Blitzen was also having a bit of problem when it was time for pet therapy  tonight – she didn’t want to separate from her friends and leave school to go.  We spend a lot of time with Blitzen identifying afterschool activities, outlining our schedule and confirming plans – Blitzen is having some trouble lately sticking with her commitments and the schedule.  I’ve let her know that if she is not enjoying pet therapy, she can decide to ‘resign’ but  the decision will be final, she must speak to you before she does it and she must attend one last session to say goodbye to the trainer, the dogs and her pet therapy friends.

Best, Carrie and Andrew


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Someone asked how we have come to have pet beetles.

Well, Blitzen’s science class has been studying the life cycle of meal worms since the beginning of year and now that the meal worms are all grown up, the science room has a whole buncha beetles for the taking.  Blitzen was allowed to bring home 4 beetles.  They live in a Tupperware container with holes in the lid with some nice straw for bedding and corn meal for eating.

She spent her entire BTPT (bed time play time) last night trying to work up the courage to pick them up and hold them in her hand.  It was clearly so painful and frustrating for her — to be afraid.  She tried and tried, she cried and cried and then yelled a little.  Finally she announced to Andrew that I had to be brought into the discussion, “Carrie can help me overcome my fear!” she announced.  Well, not right away.  But we tried and tried and tried some more.  We got mad some more but then finally, Blitzen picked one of the beetles up. It was such an interesting process because it was very important to her that she pick it up.  She didn’t want me to put the beetle in her hand, she didn’t want to pet the beetle while I held it — she wanted to get it out of its little home and hold it all on her own.  And so she did.   That kid is totally not a quitter.  Kind of inspiring, actually.  Makes you want to go out in the world and pick up a beetle, if you know what I mean.

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Blitzen started pet therapy and she loves it.  And we love it.  She gets to interact with animals.  She is getting to know some of the other foster kids at our agency.  It is such a good thing for her to know other children in care that are not related to her.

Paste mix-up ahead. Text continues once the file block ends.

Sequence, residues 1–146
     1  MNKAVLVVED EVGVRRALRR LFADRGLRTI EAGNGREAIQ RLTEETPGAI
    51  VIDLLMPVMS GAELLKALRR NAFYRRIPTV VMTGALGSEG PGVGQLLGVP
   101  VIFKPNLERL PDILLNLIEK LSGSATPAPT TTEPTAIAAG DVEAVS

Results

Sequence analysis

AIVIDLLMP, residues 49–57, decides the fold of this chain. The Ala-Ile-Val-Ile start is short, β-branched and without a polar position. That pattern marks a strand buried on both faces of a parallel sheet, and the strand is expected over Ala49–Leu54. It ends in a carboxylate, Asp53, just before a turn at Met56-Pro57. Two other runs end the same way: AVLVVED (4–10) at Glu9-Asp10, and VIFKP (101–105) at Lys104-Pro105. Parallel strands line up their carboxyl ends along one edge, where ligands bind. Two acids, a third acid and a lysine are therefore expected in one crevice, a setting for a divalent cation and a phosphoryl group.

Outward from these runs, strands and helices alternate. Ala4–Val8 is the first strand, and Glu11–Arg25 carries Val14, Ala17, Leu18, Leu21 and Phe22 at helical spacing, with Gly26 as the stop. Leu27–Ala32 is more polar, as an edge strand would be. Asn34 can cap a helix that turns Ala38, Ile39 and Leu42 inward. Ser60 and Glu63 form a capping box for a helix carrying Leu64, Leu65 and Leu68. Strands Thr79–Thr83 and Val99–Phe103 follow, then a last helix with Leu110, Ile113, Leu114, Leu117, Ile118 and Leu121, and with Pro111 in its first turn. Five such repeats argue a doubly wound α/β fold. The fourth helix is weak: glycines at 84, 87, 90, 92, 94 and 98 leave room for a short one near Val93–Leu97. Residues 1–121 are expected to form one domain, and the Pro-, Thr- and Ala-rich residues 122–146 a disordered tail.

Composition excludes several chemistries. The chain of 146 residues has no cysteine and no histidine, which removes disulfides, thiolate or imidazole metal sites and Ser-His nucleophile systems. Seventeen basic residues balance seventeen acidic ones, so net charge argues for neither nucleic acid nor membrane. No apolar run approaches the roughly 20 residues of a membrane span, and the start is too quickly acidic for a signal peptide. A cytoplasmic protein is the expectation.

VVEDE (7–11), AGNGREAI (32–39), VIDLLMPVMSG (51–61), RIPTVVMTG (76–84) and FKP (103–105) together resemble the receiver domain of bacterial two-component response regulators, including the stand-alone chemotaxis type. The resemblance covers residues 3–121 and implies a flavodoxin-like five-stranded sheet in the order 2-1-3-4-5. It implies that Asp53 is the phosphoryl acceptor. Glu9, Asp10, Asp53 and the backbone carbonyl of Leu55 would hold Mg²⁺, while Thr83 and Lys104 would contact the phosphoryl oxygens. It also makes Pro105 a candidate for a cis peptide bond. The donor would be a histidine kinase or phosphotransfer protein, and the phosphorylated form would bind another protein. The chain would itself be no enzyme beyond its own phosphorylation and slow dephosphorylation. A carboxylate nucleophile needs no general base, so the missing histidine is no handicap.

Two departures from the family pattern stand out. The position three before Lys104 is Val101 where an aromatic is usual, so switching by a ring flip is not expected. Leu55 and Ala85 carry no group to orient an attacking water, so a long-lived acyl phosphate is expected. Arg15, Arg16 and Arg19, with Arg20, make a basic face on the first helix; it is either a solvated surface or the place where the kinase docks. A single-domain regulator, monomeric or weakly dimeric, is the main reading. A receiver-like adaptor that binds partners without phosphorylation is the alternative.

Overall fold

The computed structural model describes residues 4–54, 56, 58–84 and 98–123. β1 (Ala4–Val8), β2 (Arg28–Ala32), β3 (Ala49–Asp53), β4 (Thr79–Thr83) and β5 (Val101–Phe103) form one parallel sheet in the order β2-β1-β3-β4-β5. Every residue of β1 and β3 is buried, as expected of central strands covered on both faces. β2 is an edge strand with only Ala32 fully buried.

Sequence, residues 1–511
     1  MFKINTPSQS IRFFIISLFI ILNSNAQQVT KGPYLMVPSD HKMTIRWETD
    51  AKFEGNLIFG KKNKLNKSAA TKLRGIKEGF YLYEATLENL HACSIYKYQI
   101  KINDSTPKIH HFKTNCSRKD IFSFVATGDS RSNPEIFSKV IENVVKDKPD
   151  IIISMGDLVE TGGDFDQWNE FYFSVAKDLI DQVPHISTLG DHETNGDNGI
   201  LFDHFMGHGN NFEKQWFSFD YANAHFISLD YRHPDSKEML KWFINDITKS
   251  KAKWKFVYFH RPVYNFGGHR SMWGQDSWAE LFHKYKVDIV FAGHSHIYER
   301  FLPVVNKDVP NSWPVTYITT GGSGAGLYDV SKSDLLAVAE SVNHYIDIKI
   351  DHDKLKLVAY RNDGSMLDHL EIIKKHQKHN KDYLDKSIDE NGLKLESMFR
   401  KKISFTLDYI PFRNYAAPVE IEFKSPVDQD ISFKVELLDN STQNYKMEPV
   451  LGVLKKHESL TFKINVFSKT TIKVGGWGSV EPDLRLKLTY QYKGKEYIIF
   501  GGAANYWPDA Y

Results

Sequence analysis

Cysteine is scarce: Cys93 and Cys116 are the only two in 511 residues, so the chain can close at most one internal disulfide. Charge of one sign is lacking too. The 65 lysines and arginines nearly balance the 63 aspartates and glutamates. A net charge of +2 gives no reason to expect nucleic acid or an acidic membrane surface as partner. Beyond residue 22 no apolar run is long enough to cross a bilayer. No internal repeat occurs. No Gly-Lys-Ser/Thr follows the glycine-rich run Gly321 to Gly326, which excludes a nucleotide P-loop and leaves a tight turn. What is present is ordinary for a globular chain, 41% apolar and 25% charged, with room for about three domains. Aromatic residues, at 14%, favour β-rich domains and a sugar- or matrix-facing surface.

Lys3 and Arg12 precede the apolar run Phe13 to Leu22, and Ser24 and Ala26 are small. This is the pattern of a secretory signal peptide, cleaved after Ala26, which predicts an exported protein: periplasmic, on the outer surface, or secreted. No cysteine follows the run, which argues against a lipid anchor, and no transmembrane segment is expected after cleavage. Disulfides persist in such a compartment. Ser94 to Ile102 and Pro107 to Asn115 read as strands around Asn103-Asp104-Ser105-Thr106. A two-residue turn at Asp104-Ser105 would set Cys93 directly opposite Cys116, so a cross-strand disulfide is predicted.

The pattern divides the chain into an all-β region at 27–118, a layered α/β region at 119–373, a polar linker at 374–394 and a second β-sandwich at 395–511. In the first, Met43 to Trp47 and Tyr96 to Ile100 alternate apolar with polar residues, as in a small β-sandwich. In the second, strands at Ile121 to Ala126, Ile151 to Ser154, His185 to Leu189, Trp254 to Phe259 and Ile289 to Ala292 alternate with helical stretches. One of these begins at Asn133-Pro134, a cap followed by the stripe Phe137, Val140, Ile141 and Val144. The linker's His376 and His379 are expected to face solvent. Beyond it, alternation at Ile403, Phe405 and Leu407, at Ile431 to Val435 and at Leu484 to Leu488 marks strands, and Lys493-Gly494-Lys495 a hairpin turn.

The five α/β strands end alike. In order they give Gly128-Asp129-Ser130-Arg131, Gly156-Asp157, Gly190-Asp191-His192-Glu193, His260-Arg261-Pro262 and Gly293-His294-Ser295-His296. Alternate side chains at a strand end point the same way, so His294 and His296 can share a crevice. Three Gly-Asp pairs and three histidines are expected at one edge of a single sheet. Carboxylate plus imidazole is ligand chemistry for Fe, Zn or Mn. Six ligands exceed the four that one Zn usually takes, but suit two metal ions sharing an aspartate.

And best of all, we don’t take her, she is there for 2 hours and she gets a ride home.  So we get to stay at work until 7pm — it is totally, totally exciting!  Some of you out there may think that I am kidding but I am not.

Anyway, they painted pumpkins at pet therapy this week.  I was kind of confused by this – what do Halloween decorations have to do with dogs?  I asked Blitzen what the dogs did while they were painting pumpkins.  She said, ‘They put the paint brush in their teeth and went like this.’  Insert mental picture of Blitzen bobbing her head around like crazy, pretending to hold a brush clenched in her teeth.

I am pretty sure she was kidding.

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Piggie play things

So the guinea pigs are cute and in every part of our imaginary play.  They come with us to the movies (the couch when we watch tv and eat popcorn), they make many visits to vet Andrew and are always very brave when they get the needle, they go to the pharmacy where pharmacist Andrew fills their prescription for claw drops.  Yesterday, after a romp around Blitzen’s room, they sat in their box and watched a rousing game of Headbanz.  They travel about being held, coddled or toted in a roomy box lined with a towel.  And they don’t seem to mind, probably because we ply them with lots of carrots and leafy greens.

My new plan is to try to give the piggies some extra power (I am thinking of good guinea super strengths) that will, in turn, give Blitzen a little more courage and hopefully increase independence.  Could the guineas ‘chat’ with while she showers, for instance, instead of me (from the dry safety of their box, of course)?  Perhaps they would like to help her choose an outfit for school in the morning?  I could make them little capes that say ‘Blitzen’s Super Pigs’ and teach them to squeak encouragement.